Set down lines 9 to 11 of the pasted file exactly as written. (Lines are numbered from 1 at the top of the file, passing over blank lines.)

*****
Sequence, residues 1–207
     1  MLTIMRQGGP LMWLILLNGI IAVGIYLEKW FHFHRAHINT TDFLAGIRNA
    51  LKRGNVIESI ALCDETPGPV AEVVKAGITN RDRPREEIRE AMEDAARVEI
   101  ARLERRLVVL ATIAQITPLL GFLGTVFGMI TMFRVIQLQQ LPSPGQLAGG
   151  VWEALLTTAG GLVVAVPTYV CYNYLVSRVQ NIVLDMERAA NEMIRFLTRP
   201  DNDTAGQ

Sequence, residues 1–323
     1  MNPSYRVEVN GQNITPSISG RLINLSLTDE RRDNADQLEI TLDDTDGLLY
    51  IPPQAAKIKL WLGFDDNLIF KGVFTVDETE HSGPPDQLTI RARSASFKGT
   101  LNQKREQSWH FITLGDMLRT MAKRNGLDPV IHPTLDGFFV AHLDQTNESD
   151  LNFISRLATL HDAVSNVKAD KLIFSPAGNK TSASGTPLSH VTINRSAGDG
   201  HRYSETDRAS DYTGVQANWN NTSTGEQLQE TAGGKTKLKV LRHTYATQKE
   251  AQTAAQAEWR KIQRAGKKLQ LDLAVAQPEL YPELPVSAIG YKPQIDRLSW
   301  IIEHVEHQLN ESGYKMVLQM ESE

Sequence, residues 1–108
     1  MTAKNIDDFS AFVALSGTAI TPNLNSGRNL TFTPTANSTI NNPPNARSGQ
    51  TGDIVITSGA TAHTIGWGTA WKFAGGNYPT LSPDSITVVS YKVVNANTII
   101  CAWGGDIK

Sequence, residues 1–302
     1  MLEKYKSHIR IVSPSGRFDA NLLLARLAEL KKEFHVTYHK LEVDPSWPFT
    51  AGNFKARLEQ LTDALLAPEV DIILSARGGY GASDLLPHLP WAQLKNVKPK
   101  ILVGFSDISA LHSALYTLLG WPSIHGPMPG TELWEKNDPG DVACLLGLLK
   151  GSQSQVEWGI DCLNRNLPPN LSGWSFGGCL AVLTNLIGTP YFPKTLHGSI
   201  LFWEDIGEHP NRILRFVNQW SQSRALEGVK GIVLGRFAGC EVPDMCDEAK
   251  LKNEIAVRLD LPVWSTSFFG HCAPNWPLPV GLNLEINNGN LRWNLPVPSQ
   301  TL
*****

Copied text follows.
    51  IPPQAAKIKL WLGFDDNLIF KGVFTVDETE HSGPPDQLTI RARSASFKGT
   101  LNQKREQSWH FITLGDMLRT MAKRNGLDPV IHPTLDGFFV AHLDQTNESD
   151  LNFISRLATL HDAVSNVKAD KLIFSPAGNK TSASGTPLSH VTINRSAGDG